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2017-08-10

MHDD Centers discontinue ECI services

Contributed

Editor’s note: Twenty children in Bandera County will be directly affected by the discontinuation of EIC services, according to Maria Baskett, executive assistant to the chief executive officer of MHDD. “The HHSC is ultimately responsible,” Baskett said. The Health and Human Services Committee has posted Requests For Applications for other community centers and providers, and MHDD has been contacted by several outside agencies wanting to know more about service details.
“We would hate for the children to have a lapse in services or change to their routine,” Baskett said. “Our hope is that whoever HHSC contracts with will hire-on at least some of our EIC staff, and that there will be as little change as possible for the kiddos.”
Contributed
After more than 20 years of providing Early Childhood Intervention (ECI) services, Hill Country MHDD Centers has made the difficult decision to terminate its ECI contract with the Health and Human Services Commission (HHSC). We will cease providing these services in early October 2017.
ECI is a program that serves children under the age of three who have been diagnosed with disabilities or developmental delays. States are required by federal law (IDEA Part C) to administer these programs to all eligible children. Examples include children diagnosed with autism, speech, vision, or hearing difficulties, Down syndrome, or other disabilities and delays. ECI helps more than 50,000 Texas children meet developmental goals including learning to swallow food, communicating with their families, walking, and otherwise developing skills necessary to succeed in elementary school. Hill Country MHDD Centers currently serves 435 children and their families in 15 central and west Texas counties.
Unfortunately, state appropriations for ECI have declined by 11 percent since 2010. In 2016, the Medicaid reimbursement rates for therapists were reduced, and Hill Country MHDD Centers experienced a decrease in funding, even though its target for numbers of children to serve increased by 2 percent. With the exception of 2012, Hill Country MHDD Centers incurred a financial loss in its ECI budget every year since 2010. However, in spite of cost-containment and service efficiencies enacted over these years of funding reductions, the cumulative cuts are leading to expected FY 2017 losses of more than $300,000.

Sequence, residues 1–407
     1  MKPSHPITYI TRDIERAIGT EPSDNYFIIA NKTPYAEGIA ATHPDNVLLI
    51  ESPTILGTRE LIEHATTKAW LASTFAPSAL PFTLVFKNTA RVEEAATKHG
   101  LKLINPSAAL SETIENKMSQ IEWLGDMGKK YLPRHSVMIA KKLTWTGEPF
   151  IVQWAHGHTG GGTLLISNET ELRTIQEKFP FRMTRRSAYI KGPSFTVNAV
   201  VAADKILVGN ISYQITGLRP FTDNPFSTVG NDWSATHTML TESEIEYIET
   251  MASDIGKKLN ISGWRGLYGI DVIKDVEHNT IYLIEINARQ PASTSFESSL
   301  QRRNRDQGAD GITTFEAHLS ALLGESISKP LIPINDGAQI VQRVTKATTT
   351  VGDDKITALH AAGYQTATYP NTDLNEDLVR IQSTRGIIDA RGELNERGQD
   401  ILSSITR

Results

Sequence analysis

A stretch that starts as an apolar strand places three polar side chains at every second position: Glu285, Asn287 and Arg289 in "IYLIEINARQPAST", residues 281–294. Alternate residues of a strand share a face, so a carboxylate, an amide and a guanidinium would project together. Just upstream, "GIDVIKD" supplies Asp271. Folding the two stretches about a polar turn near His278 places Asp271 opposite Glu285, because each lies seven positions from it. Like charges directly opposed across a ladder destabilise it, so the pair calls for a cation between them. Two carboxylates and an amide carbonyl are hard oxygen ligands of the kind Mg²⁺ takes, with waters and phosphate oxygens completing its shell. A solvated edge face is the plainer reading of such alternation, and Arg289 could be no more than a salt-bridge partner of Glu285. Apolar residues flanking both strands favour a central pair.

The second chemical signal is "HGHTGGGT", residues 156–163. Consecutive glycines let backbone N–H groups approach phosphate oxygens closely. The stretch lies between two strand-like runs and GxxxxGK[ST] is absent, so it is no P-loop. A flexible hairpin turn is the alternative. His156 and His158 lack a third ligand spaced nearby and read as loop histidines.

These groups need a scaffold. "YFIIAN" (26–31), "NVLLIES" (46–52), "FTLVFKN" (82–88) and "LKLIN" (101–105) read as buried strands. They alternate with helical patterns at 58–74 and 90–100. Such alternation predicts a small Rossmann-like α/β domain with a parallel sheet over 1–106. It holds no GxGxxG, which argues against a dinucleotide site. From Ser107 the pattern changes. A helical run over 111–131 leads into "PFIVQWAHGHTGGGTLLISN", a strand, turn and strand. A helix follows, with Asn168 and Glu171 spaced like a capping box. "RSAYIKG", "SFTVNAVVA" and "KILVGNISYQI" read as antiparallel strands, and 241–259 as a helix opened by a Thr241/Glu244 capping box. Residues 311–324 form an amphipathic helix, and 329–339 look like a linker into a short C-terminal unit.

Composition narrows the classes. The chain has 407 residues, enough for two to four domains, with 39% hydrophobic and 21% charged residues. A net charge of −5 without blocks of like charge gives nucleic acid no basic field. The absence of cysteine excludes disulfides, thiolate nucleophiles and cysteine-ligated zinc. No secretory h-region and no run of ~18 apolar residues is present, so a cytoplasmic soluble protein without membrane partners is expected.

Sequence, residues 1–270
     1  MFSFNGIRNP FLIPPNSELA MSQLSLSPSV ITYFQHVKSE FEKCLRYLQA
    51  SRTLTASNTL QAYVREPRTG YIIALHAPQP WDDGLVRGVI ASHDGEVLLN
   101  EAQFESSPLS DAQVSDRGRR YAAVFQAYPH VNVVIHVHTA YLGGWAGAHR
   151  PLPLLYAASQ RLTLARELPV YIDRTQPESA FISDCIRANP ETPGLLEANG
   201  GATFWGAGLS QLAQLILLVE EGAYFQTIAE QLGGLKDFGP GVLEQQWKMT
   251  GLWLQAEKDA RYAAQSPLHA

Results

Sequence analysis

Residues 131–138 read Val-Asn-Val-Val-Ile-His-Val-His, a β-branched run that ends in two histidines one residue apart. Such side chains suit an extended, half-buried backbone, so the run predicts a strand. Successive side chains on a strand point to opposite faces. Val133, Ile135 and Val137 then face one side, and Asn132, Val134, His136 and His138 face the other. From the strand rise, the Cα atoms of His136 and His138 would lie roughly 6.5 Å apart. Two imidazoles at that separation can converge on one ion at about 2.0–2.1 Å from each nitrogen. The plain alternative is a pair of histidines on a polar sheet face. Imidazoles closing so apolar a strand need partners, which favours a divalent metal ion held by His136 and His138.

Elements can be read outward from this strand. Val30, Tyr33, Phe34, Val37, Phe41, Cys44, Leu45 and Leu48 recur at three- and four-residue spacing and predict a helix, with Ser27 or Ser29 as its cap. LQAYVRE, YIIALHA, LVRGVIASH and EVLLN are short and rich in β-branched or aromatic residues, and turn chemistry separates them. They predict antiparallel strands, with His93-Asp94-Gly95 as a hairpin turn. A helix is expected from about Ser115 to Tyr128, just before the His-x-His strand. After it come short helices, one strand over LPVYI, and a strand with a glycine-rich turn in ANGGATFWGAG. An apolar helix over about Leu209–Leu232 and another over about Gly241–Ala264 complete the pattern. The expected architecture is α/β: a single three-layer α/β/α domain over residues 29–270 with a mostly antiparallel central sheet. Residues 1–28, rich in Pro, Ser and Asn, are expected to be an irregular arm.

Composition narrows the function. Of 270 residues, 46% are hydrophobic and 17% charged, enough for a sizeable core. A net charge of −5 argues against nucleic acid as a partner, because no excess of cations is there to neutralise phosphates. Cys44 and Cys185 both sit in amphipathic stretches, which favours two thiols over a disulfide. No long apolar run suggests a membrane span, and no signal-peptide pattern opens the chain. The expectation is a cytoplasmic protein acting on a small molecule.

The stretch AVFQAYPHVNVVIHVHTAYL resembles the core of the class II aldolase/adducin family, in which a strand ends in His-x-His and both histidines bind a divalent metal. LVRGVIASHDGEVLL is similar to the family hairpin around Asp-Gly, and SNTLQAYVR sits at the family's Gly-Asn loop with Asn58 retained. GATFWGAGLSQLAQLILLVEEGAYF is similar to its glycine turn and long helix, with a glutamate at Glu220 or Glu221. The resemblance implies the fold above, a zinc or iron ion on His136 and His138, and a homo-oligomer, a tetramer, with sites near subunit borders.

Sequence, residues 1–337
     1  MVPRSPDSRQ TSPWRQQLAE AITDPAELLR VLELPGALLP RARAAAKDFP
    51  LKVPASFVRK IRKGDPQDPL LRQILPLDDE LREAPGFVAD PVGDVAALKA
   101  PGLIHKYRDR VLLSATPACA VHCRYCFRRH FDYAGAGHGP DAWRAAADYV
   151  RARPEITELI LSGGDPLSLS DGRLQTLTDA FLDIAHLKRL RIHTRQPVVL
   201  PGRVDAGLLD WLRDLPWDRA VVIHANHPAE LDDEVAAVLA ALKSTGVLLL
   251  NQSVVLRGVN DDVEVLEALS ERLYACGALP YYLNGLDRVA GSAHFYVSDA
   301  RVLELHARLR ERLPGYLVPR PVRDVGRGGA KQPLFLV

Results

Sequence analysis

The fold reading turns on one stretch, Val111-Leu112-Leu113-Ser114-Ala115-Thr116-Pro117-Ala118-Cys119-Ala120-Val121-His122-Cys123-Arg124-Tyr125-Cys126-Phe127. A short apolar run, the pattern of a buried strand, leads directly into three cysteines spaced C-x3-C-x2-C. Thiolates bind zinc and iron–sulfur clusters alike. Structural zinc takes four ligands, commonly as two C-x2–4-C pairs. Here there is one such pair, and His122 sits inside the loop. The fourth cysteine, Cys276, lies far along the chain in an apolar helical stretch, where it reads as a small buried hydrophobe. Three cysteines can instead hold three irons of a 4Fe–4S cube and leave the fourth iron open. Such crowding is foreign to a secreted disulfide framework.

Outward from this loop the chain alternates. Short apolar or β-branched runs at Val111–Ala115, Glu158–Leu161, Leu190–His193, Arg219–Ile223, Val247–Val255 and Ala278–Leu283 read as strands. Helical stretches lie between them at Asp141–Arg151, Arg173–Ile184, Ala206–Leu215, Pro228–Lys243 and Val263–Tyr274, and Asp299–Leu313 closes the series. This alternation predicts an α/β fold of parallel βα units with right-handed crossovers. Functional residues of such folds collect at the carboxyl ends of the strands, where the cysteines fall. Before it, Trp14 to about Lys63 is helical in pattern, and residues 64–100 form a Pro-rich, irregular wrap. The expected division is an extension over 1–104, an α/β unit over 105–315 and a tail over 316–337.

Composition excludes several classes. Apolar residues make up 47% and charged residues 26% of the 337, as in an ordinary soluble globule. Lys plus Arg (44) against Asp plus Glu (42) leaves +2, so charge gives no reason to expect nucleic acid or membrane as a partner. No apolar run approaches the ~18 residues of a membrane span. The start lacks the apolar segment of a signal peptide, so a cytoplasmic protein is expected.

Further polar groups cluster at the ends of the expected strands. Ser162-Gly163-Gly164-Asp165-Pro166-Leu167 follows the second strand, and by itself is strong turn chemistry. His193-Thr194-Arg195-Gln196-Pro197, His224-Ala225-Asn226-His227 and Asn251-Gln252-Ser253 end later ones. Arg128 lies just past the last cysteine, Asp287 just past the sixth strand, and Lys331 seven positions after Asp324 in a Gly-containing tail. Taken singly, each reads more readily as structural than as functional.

“These losses were unavoidable,” said Ross Robinson, executive director for Hill Country MHDD Centers. “The State contracts with us to serve 375 children and families; however, since ECI is an entitlement program, we cannot turn anyone away who qualifies for our services.
“So far this year, we have served 458 children and families—83 more than our contract allocation. But, we receive no additional state funding for these services, which means our expenses often are unreimbursed if the family has no insurance and does not receive Medicaid.
“Likewise, the state does not reimburse travel time and expense, yet we serve rural and frontier counties such as Bandera, Kinney, Real, Kimble, Mason and Menard. Our services are conducted in the child’s home, so a therapist or intervention specialist may drive three or more hours to see one child, and the allocation for the service does not cover the expense associated with the employee or contractor’s time and travel. To date, of our anticipated financial loss, more than $130,000 consists of unreimbursed travel expenses.
“We are very appreciative of the efforts undertaken in the most recent 85th Session of the Texas Legislature to restore some of the funds that were reduced two years ago,” continued Robinson. “However, our legislators warned us prior to the session that funding would be tight, and difficult choices would have to be made. The difference in state funding between 2015 and 2017 is $250,000 which, when combined with the policy of not providing funds for time and travel, and serving additional children without any additional funds, amounts to well over $300,000.
HHSC expects us to bill Medicaid for these services, but only 54.6 percent of our families have Medicaid. Unfortunately, the amount of money available to our elected representatives and senators was not sufficient to allow us to overcome this shortfall and continue with the program.”
Going forward, HHSC must ensure that ECI programs and services continue without interruption in the counties that have been served by Hill Country MHDD Centers. Mr. Robinson stated, “We are in active communication with HHSC so that we may do everything possible to ensure a smooth transition of services to other providers. Hopefully, parents and children will experience little, if any, impact or change to the excellent assistance they currently receive.”
More than 30 employees are impacted by the closure of the ECI program. “We are equally committed to the staff employed in this program,” said Mr. Robinson, “and will work closely with them either to transition their employment to the new providers or to secure other employment within our organization.”
“We are thankful to our families and personnel who have worked together so effectively over these many years, and to our legislators who have advocated valiantly for much needed funding,” said Mr. Robinson. “We especially want to thank our counties and communities for their support and know that they will be invaluable allies to the providers who assume the functions of the program.”
Hill Country MHDD Centers provides mental health, intellectual and developmental disability, substance abuse, and other behavioral health services throughout 19 counties of the greater Texas Hill Country.